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Metropolitan Government of Nashville-Davidson (balance), TN, United States

Yuksel C.,McLean Hospital | McCarthy J.,McLean Hospital | McCarthy J.,University of Maryland University College | Shinn A.,McLean Hospital | And 8 more authors.
Schizophrenia Research | Year: 2012

There is growing evidence that schizophrenia (SZ) and bipolar disorder (BD) overlap significantly in risk factors, neurobiological features, clinical presentations, and outcomes. SZ is characterized by well documented gray matter (GM) abnormalities in multiple frontal, temporal and subcortical structures. Recent voxel-based morphometry (VBM) studies and meta-analyses in BD also report GM reductions in overlapping, albeit less widespread, brain regions. Psychosis, a hallmark of SZ, is also experienced by a significant proportion of BD patients and there is evidence that psychotic BD may be characterized by specific clinical and pathophysiological features. However, there are few studies comparing GM between SZ and psychotic BD. In this study we compared GM volumes in a sample of 58 SZ patients, 28 BD patients experiencing psychotic symptoms and 43 healthy controls using whole-brain voxel-based morphometry. SZ patients had GM reductions in multiple frontal and temporal regions compared to healthy controls and in the subgenual cortex compared to psychotic BD patients. GM volume was increased in the right posterior cerebellum in SZ patients compared to controls. However, psychotic BD patients did not show significant GM deficits compared to healthy controls or SZ patients. We conclude that GM abnormality as measured by VBM analysis is less pronounced in psychotic BD compared to SZ. This may be due to disease-specific factors or medications used more commonly in BD. © 2012 Elsevier B.V. Source

Trivedi H.K.,Vanderbilt Medical School | Pattison N.A.,Maine Medical Center | Neto L.B.,Columbia University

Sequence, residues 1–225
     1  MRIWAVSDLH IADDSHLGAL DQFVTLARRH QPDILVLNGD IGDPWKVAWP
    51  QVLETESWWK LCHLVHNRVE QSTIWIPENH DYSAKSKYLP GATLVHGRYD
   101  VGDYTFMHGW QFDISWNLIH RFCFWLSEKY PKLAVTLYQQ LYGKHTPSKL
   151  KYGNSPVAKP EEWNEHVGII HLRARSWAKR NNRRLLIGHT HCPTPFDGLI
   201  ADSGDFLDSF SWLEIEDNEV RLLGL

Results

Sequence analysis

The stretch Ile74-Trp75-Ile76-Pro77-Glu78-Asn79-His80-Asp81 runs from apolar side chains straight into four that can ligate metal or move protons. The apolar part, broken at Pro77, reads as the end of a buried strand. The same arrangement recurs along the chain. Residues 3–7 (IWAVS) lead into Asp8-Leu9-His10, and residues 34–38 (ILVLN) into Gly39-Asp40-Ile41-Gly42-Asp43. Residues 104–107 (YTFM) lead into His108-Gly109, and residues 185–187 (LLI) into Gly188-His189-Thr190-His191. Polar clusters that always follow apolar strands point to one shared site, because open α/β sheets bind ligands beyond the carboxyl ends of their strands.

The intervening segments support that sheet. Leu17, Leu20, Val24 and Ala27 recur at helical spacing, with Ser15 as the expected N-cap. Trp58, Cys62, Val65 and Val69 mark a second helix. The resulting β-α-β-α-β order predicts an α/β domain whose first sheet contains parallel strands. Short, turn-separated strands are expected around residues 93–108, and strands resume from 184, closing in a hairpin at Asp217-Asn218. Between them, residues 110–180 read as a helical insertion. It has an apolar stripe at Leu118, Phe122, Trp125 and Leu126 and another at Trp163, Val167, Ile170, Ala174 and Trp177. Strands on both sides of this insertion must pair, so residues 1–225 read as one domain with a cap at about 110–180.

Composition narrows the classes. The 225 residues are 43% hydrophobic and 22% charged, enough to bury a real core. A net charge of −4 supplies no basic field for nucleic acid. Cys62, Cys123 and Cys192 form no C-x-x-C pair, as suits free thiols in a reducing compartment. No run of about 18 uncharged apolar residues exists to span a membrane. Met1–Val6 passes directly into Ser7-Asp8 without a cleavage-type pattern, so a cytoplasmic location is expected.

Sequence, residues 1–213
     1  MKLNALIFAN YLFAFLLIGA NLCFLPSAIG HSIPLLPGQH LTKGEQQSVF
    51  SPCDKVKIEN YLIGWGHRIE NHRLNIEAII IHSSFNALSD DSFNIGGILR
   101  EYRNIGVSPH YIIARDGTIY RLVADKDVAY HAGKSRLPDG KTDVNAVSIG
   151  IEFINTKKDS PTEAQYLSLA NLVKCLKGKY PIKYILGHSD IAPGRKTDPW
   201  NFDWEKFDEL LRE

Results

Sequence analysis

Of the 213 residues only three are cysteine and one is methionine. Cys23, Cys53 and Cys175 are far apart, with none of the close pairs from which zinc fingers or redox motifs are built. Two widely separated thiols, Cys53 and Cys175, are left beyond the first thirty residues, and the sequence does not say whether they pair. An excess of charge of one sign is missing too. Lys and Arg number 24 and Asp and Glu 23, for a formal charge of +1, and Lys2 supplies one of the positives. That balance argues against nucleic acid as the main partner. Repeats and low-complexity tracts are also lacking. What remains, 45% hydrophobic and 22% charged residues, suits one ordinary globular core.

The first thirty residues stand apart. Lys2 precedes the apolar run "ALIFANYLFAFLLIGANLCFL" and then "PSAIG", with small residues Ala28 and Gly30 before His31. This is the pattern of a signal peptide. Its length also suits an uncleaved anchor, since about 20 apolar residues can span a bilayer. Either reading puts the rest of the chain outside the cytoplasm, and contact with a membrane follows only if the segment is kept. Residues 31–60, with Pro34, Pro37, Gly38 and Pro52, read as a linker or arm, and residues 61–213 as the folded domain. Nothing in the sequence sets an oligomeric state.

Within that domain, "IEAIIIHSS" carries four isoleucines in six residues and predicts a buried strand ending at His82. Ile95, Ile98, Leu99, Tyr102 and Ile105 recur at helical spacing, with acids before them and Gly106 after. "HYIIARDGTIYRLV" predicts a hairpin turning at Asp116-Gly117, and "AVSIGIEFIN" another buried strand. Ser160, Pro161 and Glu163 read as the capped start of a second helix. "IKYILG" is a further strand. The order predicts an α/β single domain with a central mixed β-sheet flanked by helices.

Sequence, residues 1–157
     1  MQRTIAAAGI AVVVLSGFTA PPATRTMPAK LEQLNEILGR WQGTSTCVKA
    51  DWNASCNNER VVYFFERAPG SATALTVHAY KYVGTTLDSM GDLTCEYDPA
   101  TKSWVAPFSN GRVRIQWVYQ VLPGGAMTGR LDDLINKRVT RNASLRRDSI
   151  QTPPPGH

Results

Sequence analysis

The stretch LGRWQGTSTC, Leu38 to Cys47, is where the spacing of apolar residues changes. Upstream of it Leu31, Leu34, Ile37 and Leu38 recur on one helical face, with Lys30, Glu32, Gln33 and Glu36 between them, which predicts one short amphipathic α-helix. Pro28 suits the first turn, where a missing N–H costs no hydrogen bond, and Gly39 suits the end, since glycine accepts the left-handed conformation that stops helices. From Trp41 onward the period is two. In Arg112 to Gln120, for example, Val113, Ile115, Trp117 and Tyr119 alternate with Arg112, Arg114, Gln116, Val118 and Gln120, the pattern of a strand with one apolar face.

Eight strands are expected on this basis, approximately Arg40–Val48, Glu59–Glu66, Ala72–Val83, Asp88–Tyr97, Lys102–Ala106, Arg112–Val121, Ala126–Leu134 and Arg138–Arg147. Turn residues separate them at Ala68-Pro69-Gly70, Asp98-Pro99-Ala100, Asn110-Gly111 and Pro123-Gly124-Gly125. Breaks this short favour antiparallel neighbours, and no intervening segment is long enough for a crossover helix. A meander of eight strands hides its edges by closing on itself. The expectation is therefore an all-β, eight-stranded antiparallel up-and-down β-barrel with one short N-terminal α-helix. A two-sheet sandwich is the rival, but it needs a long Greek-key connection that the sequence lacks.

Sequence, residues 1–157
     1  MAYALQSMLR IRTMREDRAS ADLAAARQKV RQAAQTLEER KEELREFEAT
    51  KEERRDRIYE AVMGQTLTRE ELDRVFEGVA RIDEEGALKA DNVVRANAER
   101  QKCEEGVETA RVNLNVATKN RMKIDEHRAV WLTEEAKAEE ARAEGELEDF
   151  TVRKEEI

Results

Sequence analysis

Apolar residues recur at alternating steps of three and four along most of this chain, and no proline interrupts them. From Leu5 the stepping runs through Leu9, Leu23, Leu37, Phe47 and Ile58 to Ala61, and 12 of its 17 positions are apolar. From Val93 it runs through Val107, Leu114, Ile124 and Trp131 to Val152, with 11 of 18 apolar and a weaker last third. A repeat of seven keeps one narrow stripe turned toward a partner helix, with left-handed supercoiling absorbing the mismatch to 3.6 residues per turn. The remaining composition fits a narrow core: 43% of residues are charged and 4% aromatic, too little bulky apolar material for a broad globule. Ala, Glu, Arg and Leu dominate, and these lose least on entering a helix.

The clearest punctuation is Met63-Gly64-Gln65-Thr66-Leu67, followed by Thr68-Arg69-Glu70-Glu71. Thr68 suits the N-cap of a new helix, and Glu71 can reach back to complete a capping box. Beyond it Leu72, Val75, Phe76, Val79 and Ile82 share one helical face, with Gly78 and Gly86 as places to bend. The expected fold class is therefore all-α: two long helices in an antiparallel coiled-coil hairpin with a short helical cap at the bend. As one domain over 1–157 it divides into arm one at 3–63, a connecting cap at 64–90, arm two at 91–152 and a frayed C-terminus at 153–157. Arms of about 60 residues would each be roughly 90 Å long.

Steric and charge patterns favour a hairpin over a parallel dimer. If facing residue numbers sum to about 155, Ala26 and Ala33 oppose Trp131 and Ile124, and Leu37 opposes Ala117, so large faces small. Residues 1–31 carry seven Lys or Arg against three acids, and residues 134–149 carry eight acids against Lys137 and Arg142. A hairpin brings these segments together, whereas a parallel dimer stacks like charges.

Pediatric Clinics of North America | Year: 2011

The medical home concept has been in existence since the late 1960s and has recently been significantly broadened to encompass comprehensive primary care for all patient populations throughout the lifespan. This article provides (1) a review of the foundations and evolution of the medical home concept; (2) an analysis of patient/family, provider, and systemic challenges to developing an effective pediatric medical home particularly in relation to children's mental health needs; and (3) a discussion of future directions for its further adoption and successful implementation. © 2011 Elsevier Inc. Source

Bourne S.K.,Massachusetts General Hospital | Sheth S.A.,Massachusetts General Hospital | Neal J.,Massachusetts General Hospital | Strong C.,Massachusetts General Hospital | And 5 more authors.
Neurosurgery | Year: 2013

BACKGROUND: Anterior cingulotomy (AC) can be an effective therapy for patients with severe obsessive-compulsive disorder who are refractory to traditional medical therapy. For patients who do not respond to AC, the benefit of additional lesion procedures vs continued medical management remains unknown. OBJECTIVE: To determine whether a second lesion procedure is beneficial after unsuccessful initial AC. METHODS: In this retrospective cohort study, we reviewed the records of 31 patients who were nonresponders to initial AC. Full response was defined as at least a 35% decrease and partial response as a 25% to 34% decrease in Yale-Brown Obsessive-Compulsive Scale scores. Yale-Brown Obsessive-Compulsive Scale change was compared between patients who underwent additional surgery and those treated nonsurgically. In addition, for patients who underwent additional surgery, we compared the benefit of subcaudate tractotomy with repeat AC (extension of the initial lesion) as the second procedure. RESULTS: Nineteen patients underwent a second surgery and 12 patients continued nonsurgical therapy. Fifty-three percent of patients who received additional surgery were full responders and 21% were partial responders at the most recent follow-up compared with 17% full responders and 25% partial responders among those who continued conventional therapy (P = .02). Of the patients who underwent an additional surgery, there were 64% full and 9% partial responders in the subcaudate tractotomy group compared with 38% full and 38% partial responders in the repeat AC group (P = .04). CONCLUSION: Second lesion surgery can be a safe and effective therapy for patients who do not respond to initial AC. Subcaudate tractotomy may confer a higher response rate than repeat cingulotomy. Copyright © 2012 by the Congress of Neurological Surgeons. Source